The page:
2012 Critics' Choice Awards
Legendary director Martin Scorcese's iconic career is paid tribute at the 2012 Critics' Choice Movie Awards.
Award season has arrived and the year’s “first awards show”—the Critics' Choice Movie Awards—has heralded the films, directors and superstars that will eventually grace the red carpet for the Academy Awards and on February 26th for the Oscars. In 2010 twelve Critics' Choice Movie Awards recipients later won Oscars, as did thirteen award winners from the 2009 awards. All four of the 2010 Critics' Choice Movie Awards winners for acting—Colin Firth, Natalie Portman, Christian Bale and Melissa Leo—went on to win Academy Awards. Michel Hazanavicius has received ten Oscar nominations for his film The Artist—a black and white ode to the silent film era. The French director's work received the Best Picture award. The film trails closely behind Martin Scorcese's Hugo, by one nomination.
Scorcese received special honors from the Critics' Choice Movie Awards on January 12th; the legendary director was selected as the Music + Film honoree. The tribute to Scorcese's immense and inspirational career was cast off with a montage threading through his musical documentaries—The Last Waltz, Shine a Light, George Harrison: Living in the Material World (winner of the Best Documentary award)—and his iconic films—Taxi Driver, Raging Bull, Gangs of New York, Cape Fear, and Casino. Following this tributary-montage, folk music icon Bob Dylan took the stage to perform Blind Willie McTell, a song featured in Scorcese's PBS documentary series The Blues. The tributes also included an autograph book signing sponsored by Pelikan fine writing. Attendees used an elite Pelikan pen to sign the book (as seen in Photos 1 - 9), which was later presented to Scorsese as a token commemorating his achievements. Leonardo DiCaprio introduced Scorcese, and the honored artist gave a sincere speech about the impact of music on his life:
"This award has a very special significance to me, so I'd like to begin with a special thank-you to Django Reinhardt, Stéphane Grappelli and the Hot Club of France. That was the music I used to hear when I was growing up in my apartment in New York, even before we had a TV, in the middle to late '40s. Before anything for me, there was music and conversation, and for me they were both the same thing," Scorcese concluded. Scorcese was joined onstage by Olivia Harrison, George Harrison's widow and the subject of Scorcese's 2011 documentary on the ex-Beatle.
Comedians Rob Huebel and Paul Scheer hosted the "ninth most exciting night in Hollywood" from the Hollywood Palladium. French Director Michel Hazanavicius stole the evening and the awards for Best Director and Best Picture. His film, The Artist, took home four awards (Best Picture, Best Director, and honors for Best Score, and Costume Design) for the evening, barely topping The Help, which took home three awards. Hazanavicius began his speech by admitting that he was unclear what "Best Director" really meant. "After seeing a clip of Martin Scorcese's work, and passing by Steven Spielberg's table, I think it's stupid." The French Director quipped while accepting the award, “I made a silent movie. I don’t like to speak so much.”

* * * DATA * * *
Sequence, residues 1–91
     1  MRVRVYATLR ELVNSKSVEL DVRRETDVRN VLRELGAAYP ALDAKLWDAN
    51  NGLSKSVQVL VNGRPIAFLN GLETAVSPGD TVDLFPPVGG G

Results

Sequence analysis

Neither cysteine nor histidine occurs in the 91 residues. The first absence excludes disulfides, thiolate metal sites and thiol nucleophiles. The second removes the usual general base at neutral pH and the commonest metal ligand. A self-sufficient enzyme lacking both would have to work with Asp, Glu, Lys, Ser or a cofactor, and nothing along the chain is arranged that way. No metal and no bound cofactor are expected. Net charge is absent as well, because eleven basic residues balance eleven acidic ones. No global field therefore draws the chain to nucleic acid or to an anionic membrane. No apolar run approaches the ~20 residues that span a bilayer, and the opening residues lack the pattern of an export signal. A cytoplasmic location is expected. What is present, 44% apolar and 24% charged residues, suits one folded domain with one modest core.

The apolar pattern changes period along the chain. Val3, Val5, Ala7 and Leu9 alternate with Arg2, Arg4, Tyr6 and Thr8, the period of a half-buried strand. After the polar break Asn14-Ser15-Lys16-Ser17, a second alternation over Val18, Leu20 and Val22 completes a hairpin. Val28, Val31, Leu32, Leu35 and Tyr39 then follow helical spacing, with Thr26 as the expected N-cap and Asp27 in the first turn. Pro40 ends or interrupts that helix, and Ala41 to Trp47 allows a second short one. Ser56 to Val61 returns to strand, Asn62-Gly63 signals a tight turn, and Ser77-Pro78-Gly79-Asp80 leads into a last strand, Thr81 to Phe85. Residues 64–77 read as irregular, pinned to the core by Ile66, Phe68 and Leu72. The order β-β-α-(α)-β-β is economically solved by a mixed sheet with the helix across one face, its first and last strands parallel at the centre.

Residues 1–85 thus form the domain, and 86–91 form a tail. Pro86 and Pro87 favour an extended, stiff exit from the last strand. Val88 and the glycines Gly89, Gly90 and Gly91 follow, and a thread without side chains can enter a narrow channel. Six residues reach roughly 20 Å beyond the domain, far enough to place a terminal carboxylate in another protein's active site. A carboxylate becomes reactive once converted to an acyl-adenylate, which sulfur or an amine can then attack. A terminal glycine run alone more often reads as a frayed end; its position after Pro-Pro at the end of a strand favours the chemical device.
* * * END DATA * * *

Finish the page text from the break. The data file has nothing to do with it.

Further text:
The Help secured Best Actress honors for Viola Davis, and Best Supporting Actress for Octavia Spencer, while George Clooney took Best Actor for The Descendants. Viola Davis' speech caused a visibly moved Steven Spielberg to mouth "Wow" into the cameras. Kathryn Stockett's best selling novel, The Help—about maids speaking out against their employers during the American civil rights movement—served as the template for the film adaptation that also secured an award for Best Acting Ensemble. The sincere celebratory glow from the cast compelled George Clooney to comment from the podium that, "It seems like The Help table is having the most fun."
Christopher Plummer won the Supporting Actor award for Beginners and the Cinematography category resulted in a tie between The Tree of Life and War Horse. In the Original Screenplay category, Woody Allen's Midnight in Paris broke The Artist's stranglehold on top awards, and Moneyball beat heavily-lauded, The Help, in the Adapted Screenplay category.
The new, heart-rending film, Extremely Close & Incredibly Loud, earned the Best Young Actor/Actress for the film's lead, Thomas Horn. Harry Potter and the Deathly Hallows Part 2 took Best Makeup and Best Sound, and singer-songwriter Bret McKenzie won the Best Song award for Life's a Happy Song featured in The Muppets. Sean Penn received the Joel Siegel Award for his humanitarian work live via satellite from Haiti.
Other winners from the glamorous night included Judd Apatow's Bridesmaids for Best Comedy Movie, who launched an expletive at legendary actor Jerry Lewis in response to Lewis' assertion that women aren't funny. Drive, starring Ryan Gosling, Carey Mulligan and Ron Perlman, won the award for Best Action Movie; Rango featuring the voices of Johhny Depp and Ned Beatty took Best Animated Feature, and Niels Arden Oplev's The Girl With the Dragon Tattoo won the award for Best Editing. A Separation, an Iranian drama written and directed by Asghar Farhadi, was awarded Best Foreign-Language Film and Rupert Wyatt's sci-fi drama Rise of the Planet of the Apes went home with Best Visual Effects.
Photos courtsey of Michael Bezjian.